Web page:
Visiting Monticello, the famous house of Thomas Jefferson, should be on every American road trip list. It showcases Jefferson’s passions and his important role in American history. Despite what you think you know about this Father of America, meet the man at the home he loved and worked on for decades.

Learn about his personal life including his controversial treatment of his slaves by touring their living quarters underneath his house. This site was truly the highlight of our Virginia trip and made Jefferson come to life for our family.

Where: Charlottesville, Virginia; an hour northwest of Richmond, 2.5 hours south of Washington, D.C.

Why Is Monticello Important?
Monticello Sights
Mom Tips 
Word of Warning
Pre-Adventure Learning and Book Recommendations
Deep Dives Back at Home

Across the Grounds at the Historic Monticello Buildings
Across the Grounds at the Historic Monticello Buildings

Who Was Thomas Jefferson?

When you hear of Jefferson, you automatically think of the American Revolution and his role as a founding father. New word for the kids: polymath. Aka – the man knew about everything. Mr. Jefferson continuously learned, voraciously read, and painstakingly recorded his life and thoughts. He wrote his nature and weather observations while conducting experiments and inventing throughout his life. He knew six languages and even taught himself Italian in order to learn architecture from a primary source.

In full admission of my ignorance, I knew very little about Thomas Jefferson until we started reading books and learning about him in preparation for our trip to Monticello. The more I learn about him, he becomes ever more fascinating and a great example to kids to continue lifelong learning and follow their passions. He is the adult friend we all wish our kids had in their life to learn from. Every place we explored during our time in Virginia seemed to link back to Jefferson.

Purple and White Flowers in the Garden at Monticello
The Many Flowers in the Garden at Monticello

Is Monticello Worth Visiting?

After retiring from the presidency, Thomas Jefferson lived most of his time at Monticello, rarely even leaving Virginia. His mountain top home where he truly wanted to be. If you want to know President Jefferson, you need to see his house and inventions and gardens. And the role of slavery in his life. 

During his five years as the minster to France, Mr. Jefferson studied ancient architecture. Back in America, as an effort to further separate from British influence, he wanted the new buildings to have a different appearance, distinct from that which had been built previously in Jamestown and Williamsburg. Self-trained in architecture, the Jeffersonian style of architecture brought Greek revival architecture to Virginia. This is most evident in his own Monticello where he lived for more than fifty years. 

Monticello is the only presidential or private home designated a UNESCO World Heritage Site in the United States. According to their website, this indicates “the designation for places on Earth that are of outstanding universal value to humanity and as such, have been inscribed on the World Heritage List to be protected for future generations to appreciate and enjoy.” Also included in Monticello’s designation is Jefferson’s pride: the University of Virginia which is only 15 minutes away from his house.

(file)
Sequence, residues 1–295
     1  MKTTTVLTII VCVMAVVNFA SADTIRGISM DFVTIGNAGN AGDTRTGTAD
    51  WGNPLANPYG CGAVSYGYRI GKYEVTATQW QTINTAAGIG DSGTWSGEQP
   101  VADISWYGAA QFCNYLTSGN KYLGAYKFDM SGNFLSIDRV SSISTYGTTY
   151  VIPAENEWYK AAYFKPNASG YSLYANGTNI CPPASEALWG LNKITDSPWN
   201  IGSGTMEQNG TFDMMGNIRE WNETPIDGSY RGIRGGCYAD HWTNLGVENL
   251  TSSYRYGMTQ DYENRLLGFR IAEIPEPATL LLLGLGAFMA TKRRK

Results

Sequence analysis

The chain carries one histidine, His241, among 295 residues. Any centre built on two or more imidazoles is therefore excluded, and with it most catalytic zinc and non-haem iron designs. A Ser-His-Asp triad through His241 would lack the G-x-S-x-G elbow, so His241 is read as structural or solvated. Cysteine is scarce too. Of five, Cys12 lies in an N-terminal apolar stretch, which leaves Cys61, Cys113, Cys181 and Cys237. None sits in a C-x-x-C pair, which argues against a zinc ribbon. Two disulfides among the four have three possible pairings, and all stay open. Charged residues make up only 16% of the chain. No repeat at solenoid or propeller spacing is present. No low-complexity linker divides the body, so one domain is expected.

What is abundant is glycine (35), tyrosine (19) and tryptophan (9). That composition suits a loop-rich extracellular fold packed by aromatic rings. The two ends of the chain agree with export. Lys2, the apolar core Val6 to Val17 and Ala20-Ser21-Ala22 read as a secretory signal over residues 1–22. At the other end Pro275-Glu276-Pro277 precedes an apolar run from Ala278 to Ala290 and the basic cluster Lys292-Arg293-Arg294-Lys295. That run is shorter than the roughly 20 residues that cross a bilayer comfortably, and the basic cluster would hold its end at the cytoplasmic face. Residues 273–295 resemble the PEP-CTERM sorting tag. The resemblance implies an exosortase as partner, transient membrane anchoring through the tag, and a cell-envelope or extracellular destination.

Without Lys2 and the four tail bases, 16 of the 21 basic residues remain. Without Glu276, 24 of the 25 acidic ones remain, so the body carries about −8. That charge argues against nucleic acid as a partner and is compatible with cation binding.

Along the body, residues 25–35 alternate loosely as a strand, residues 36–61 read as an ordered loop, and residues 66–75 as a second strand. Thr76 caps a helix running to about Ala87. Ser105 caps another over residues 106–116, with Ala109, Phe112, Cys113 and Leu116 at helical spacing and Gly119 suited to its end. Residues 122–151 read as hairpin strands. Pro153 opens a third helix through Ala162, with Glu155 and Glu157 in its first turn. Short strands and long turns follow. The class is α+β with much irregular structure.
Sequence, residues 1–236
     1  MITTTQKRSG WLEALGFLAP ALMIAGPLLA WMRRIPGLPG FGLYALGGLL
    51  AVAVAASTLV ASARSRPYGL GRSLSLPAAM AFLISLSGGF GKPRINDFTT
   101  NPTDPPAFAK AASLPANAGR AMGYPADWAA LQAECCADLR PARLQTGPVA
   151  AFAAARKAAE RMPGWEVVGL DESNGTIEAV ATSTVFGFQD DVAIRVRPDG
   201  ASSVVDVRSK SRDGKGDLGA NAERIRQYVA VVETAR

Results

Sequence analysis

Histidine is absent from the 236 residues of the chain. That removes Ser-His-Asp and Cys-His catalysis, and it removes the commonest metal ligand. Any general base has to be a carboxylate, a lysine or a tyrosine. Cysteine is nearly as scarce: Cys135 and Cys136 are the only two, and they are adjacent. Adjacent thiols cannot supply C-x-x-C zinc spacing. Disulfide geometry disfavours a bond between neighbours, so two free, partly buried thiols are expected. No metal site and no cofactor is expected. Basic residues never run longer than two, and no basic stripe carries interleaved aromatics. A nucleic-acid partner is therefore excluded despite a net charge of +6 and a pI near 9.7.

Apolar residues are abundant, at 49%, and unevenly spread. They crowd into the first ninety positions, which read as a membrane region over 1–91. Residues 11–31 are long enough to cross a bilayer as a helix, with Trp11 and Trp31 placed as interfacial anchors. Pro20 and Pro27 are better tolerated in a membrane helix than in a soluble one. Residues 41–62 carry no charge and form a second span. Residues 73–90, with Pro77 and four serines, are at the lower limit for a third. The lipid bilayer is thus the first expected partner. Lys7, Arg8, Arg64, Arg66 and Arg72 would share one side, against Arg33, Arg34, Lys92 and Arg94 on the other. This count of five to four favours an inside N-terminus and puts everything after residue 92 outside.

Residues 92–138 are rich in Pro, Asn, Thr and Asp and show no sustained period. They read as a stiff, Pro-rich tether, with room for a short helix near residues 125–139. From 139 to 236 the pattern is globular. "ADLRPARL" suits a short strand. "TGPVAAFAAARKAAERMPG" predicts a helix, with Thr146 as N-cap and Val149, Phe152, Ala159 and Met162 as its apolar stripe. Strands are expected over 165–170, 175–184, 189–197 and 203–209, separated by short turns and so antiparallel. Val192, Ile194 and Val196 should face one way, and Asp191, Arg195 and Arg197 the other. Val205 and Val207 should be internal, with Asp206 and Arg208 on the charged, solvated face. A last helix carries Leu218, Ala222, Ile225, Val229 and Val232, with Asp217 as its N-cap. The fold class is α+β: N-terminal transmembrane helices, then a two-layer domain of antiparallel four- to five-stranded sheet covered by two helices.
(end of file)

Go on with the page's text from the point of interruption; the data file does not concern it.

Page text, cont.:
Looking at the Historic Books in Thomas Jefferson's Library
Looking at the Historic Books in Thomas Jeffersons Library

How Much Does It Cost to Visit Monticello?

In 2023, online ticket prices for full-access, self-guided house tours are Adult $32, Kids 12-18 $10, Kids under 12 free. To me, there is plenty to e discovered with a self-guided tour. However, there are plenty of add-on tours depending on the interest-level and attention of your group. Reservations are for a specific date so make sure you double check your reservation; don’t hesitate to call, however, if you miss your ticket date in case of emergency.

What’s Included in a Ticket to Monticello?

With the purchase of your ticket, you have full access to the grounds, Jefferson’s gravesite, museums, and surrounding area. Two guided tours are included with your tickets: Slavery at Monticello and Gardens & Grounds.

How Can I Save Money on Monticello Tickets?

Consider seeing the grounds and museum only for a cheaper price. Although you won’t be able to see inside the house with the Gardens and Grounds Pass, it will save you $10 on each adult ticket. Tickets additionally may be cheaper online than in person, so plan ahead.

Locals can save even more money. If you’re from the area around Monticello, make sure you grab the local discount by getting a refund when you arrive to the ticket office. If you’re from the area, consider getting a membership – there’s definitely enough to see speed out over several days.

Can You Tour Monticello for Free?

Yes! Although I didn’t see this information advertised on the Monticello website, I did see multiple sources after our visit stating that you can actually visit the exhibits at the Monticello visitor center without a ticket for free. If you’re just driving through the area, consider this a great free little museum area. With a small replica of Monticello, you can learn a ton without even seeing the house. You do have to have a ticket to get onto the trail or bus to the house, however.